The family that has controlled the Campbell Soup Co. for more than a century and made its red-and-white soup cans a common sight in the nation's cupboards has split over ownership of the giant food maker.
Three nieces of Campbell's late chairman, John T. Dorrance Jr., and their husbands on Thursday said they want to sell their 17% stake in Campbell. In a filing with the Securities and Exchange Commission, the group said it would seek "a price per share significantly in excess of current market value." Shares, until the past several days, had been trading in the $40 range.
The group also said it would encourage Campbell's directors to do the same and consider ousting those who oppose a sale. One of the nieces, Dorrance Hamilton, sits on the company's board.
Last week, three children of Dorrance, who died last April, issued a statement saying they intended to maintain their ownership in Campbell and keep the company independent. The three recently received control of their father's 31.3% stake in the company.
A Campbell spokesman said the company had no comment.
Rumors of a simmering family dispute have stirred up takeover speculation and boosted the price of Campbell shares in recent weeks. On Thursday, Campbell shares on the New York Stock Exchange rose $4.375 to close at $57.375.
Thursday's filing "magnifies and brings to actuality the discord we've been hearing about among the family," said Mary Harden, an analyst with Duff & Phelps in Chicago.
The Dorrance family has been involved with the company since 1876, when Arthur Dorrance joined a fruit and vegetable canning partnership founded by Joseph Campbell in 1869 in Camden, N.J.
The company's fortunes took off after Dorrance's nephew, John Thompson Dorrance, invented condensed soup. The product, which removed water from the soup, permitted a more convenient method to distribute canned soups nationwide.
John Thompson Dorrance, who was Campbell's president when he died in 1914, left behind an estate valued at $115 million, according to Everybody's Business, a guide on corporate history and information. Dorrance's son, John Thompson Dorrance Jr., eventually became chairman of the company.
Under the Dorrances, Campbell developed a reputation as a strait-laced, no-nonsense company. Smoking was prohibited in its Camden, N.J., headquarters, and most Campbell executives shared their offices with secretaries to save on expenses.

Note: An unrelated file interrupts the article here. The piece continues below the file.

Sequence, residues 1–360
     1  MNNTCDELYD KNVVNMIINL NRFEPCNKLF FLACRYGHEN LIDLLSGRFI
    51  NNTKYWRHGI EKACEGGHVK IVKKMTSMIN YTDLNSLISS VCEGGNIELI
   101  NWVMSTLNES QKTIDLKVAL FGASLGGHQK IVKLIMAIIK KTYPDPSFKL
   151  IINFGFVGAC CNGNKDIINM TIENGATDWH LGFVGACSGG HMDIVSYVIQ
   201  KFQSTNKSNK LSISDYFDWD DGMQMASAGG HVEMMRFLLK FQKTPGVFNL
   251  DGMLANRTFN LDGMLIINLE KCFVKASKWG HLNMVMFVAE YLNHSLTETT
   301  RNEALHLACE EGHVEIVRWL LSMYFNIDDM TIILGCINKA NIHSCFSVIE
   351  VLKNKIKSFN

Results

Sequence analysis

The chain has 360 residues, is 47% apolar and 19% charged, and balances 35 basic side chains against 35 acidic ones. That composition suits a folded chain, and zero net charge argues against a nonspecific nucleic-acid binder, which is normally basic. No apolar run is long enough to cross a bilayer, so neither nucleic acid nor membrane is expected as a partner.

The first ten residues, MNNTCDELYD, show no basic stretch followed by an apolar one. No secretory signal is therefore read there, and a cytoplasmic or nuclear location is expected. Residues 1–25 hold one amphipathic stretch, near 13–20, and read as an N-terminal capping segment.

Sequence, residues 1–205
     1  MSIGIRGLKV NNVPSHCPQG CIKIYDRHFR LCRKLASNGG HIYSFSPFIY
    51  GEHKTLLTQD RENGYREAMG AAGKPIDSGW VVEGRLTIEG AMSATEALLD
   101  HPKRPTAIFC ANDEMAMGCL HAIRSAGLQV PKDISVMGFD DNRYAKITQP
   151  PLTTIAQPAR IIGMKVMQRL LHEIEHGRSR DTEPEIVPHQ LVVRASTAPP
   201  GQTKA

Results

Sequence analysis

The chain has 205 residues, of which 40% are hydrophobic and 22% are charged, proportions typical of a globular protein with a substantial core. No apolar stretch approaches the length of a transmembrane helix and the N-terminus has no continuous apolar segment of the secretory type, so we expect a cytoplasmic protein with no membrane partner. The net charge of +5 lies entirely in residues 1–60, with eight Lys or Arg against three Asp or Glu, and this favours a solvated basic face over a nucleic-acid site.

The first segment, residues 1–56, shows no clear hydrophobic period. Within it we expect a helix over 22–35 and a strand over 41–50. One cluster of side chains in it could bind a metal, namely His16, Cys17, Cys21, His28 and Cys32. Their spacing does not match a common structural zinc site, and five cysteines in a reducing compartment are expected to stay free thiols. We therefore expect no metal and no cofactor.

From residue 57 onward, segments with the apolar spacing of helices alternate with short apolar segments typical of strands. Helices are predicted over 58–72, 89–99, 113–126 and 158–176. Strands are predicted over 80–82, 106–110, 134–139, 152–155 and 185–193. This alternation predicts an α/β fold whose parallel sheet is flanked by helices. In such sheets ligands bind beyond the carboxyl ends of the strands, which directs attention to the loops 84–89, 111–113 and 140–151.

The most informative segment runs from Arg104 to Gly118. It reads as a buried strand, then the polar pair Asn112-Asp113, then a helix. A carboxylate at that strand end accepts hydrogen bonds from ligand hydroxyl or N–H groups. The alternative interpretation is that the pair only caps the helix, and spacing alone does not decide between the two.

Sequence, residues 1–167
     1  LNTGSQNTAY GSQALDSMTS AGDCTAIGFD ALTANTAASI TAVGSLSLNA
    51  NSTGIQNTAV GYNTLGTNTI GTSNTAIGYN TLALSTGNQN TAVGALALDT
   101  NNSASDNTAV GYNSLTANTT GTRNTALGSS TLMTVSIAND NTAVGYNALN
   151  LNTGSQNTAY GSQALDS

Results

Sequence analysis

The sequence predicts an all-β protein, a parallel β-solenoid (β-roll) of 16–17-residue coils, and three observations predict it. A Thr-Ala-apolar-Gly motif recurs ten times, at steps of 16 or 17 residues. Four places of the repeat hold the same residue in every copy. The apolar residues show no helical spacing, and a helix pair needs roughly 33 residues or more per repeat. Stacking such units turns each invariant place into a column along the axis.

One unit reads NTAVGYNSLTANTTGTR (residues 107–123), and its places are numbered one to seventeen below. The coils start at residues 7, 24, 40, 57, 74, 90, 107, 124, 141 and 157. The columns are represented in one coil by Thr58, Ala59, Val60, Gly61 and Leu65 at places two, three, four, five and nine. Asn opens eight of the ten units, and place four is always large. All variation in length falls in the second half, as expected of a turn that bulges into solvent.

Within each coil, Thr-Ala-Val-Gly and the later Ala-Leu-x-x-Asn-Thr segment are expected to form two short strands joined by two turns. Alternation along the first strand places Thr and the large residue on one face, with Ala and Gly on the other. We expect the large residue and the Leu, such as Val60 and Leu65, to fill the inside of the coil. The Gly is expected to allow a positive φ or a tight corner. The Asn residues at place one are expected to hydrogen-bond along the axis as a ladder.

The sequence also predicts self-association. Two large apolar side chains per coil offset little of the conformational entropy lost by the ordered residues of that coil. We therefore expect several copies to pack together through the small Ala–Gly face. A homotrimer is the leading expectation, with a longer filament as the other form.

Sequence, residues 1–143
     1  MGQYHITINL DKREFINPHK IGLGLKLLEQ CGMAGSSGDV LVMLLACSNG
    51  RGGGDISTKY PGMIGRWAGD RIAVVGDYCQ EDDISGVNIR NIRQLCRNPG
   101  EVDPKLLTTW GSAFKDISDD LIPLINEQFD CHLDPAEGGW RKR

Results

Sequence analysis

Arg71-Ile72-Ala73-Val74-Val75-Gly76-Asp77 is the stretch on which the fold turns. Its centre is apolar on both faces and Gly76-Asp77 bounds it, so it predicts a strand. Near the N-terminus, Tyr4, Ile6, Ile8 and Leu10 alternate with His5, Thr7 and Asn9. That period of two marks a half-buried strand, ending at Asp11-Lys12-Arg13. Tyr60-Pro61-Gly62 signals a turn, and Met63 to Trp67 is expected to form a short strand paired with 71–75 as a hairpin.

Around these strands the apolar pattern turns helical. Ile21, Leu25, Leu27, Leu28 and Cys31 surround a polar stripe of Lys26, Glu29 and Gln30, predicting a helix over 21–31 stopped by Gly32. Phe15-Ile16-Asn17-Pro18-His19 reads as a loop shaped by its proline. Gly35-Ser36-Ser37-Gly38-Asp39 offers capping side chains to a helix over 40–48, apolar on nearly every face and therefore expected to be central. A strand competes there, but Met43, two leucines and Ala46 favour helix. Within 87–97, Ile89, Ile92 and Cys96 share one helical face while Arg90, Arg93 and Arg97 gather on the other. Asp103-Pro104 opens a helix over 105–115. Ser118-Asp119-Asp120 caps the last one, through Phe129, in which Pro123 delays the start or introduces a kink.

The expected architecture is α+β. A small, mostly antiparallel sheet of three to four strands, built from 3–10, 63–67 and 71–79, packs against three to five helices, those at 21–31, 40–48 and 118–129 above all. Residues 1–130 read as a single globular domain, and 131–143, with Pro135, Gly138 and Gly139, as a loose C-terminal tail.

Besides a commercial success, Campbell's soup became an American icon of sorts. Late pop artist Andy Warhol used Campbell soup labels in many of his works.
Campbell slowly began to diversify by buying other food makers, such as Pepperidge Farm products, Swanson frozen dinners and Vlasic pickles.
But in recent years, analysts have faulted the company for failing to modernize its facilities and come up with new products to keep up with competitors. Campbell has sought to boost profits by shuttering plants and laying off workers. The most recent shutdown included Campbell's original canning factory in Camden.
For the fiscal year ended July 30, Campbell reported sales of $5.7 billion and earnings of $13.1 million, sharply lower from $274.1 million the previous year. The profit decline was blamed on the cost of factory shutdowns. In November, R. Gordon McGovern stepped down as Campbell's chief executive and president; he has yet to be replaced.
Harden said the dissenting family members may have difficulty finding a prospective buyer willing to pay top price for Campbell.
"They're assuming it's somebody out there with deep pockets," she said. "I'm not certain in this investment environment that they're going to find an investor . . . willing to pay the kind of prices they're looking for."
CAMPBELL SOUP CO. AT A GLANCE
The Camden, N.J., firm's units include Campbell's soups, Swanson frozen foods, Prego spaghetti sauce, Pepperidge Farm bakery products and Godiva chocolates.
Year ended July 31 1989 1988 Revenue (millions) $5,700 $4,900 Net income (millions) $13 $274
12-month price range: $60.625-$30.50
Thursday's close (NYSE): $57.375